Seven in 10 Mass-goers say that the new English translation of the Roman Missal introduced a year ago at Advent is a "good thing," a survey has shown, yet a strong minority, including bishops and priests, remain hesitant.
Half of respondents agreed that the translation is a "good thing," while 20 percent strongly agreed with that that assessment, the survey found.
Three in 10 Catholics said they disagreed with such an assessment. Seven percent said they strongly disagreed that the translations were good for the Catholic church.
The findings were based on the results of a survey conducted by the Center for Applied Research in the Apostolate (CARA) at Georgetown University. Responses derived from 1,047 self-identified Catholic adults with a margin of error of plus or minus 3 percentage points.
Acceptance of the new language was higher among Catholics who attended Mass weekly or more often than those who worshiped less often.
Worshipers who like the translations said the new wording inspired them to be more faithful in daily life, helped them feel closer to God and make it easier to participate in Mass.
The results were gratifying to Msgr. Richard B. Hilgartner, executive director of the U.S. Conference of Catholic Bishops' Secretariat of Divine Worship.
He said the findings in the CARA study reflected the "positive feedback" his office had received in the year since the translations have been used.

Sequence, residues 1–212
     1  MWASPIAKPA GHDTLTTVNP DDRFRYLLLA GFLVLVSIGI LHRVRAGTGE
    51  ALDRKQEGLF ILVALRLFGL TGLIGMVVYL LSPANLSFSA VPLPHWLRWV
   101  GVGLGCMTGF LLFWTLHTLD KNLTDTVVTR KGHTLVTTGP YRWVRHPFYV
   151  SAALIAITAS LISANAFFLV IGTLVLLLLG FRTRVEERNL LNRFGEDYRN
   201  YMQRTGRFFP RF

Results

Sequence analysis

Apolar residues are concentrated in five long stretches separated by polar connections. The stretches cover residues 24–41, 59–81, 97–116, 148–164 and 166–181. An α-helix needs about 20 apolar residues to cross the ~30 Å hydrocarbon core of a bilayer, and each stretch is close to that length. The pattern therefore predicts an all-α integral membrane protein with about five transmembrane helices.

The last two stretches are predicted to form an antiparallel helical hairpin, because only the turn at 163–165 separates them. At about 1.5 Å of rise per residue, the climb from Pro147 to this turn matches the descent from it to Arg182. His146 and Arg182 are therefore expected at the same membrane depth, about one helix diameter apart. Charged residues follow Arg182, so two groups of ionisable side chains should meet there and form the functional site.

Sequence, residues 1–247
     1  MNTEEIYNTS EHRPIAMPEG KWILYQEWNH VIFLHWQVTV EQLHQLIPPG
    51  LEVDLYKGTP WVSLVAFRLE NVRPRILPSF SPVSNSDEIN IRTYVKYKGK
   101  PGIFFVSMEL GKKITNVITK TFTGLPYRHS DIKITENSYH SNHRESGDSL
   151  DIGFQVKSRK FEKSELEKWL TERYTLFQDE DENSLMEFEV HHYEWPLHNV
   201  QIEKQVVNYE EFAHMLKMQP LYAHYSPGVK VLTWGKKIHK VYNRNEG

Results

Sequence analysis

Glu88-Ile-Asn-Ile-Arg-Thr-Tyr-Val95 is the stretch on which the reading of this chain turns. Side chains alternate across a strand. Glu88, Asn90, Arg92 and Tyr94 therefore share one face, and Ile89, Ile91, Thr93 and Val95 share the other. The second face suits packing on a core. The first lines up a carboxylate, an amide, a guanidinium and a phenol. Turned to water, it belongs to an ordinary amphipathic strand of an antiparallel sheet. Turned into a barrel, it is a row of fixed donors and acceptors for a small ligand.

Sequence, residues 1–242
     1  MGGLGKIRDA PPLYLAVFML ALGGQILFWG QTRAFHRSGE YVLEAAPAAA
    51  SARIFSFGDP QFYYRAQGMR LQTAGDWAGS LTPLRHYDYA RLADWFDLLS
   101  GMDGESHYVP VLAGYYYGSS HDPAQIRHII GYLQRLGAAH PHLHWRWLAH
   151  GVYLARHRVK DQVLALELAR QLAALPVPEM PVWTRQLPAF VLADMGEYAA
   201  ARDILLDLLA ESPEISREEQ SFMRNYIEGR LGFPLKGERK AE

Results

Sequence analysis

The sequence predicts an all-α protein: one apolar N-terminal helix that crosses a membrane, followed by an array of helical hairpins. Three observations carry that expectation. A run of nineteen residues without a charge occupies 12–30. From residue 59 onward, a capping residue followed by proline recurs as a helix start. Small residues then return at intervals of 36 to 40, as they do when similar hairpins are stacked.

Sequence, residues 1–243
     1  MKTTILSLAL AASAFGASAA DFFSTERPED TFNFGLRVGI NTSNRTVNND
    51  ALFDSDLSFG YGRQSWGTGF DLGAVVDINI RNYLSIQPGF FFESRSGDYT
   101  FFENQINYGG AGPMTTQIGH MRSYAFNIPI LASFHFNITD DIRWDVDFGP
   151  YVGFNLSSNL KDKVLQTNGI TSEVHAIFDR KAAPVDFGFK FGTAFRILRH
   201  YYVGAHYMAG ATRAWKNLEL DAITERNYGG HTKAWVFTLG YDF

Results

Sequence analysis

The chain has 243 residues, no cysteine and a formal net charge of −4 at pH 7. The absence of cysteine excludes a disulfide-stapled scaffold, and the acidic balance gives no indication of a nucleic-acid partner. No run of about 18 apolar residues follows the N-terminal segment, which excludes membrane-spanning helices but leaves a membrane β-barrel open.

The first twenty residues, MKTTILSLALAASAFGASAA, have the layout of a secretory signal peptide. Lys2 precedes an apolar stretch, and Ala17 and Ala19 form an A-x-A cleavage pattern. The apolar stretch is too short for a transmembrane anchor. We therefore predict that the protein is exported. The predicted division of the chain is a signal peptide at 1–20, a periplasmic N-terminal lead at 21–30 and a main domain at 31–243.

Hilgartner acknowledged that he and bishops across the country have heard complaints about the translations, but that they have been in the minority.
Some priests have struggled with the new language found in the Mass prayers, he said. Some worshipers have told him the new language is too formal and hinders their worship, he added.
A nonscientific survey conducted by U.S. Catholic, a monthly magazine published by the Claretians, among its online readers found weak support for the translation.
The magazine said 1,231 priests and 1,208 visitors to its website responded to the survey.
Two-thirds of respondents said they dislike or "don't particularly like" the new translation. In contrast, 17 percent of respondents said they enjoyed the translation; 6 percent said they were unsure.
Among priests, 58 percent dislike the translation and another 17 percent "don't particularly like" the new wording.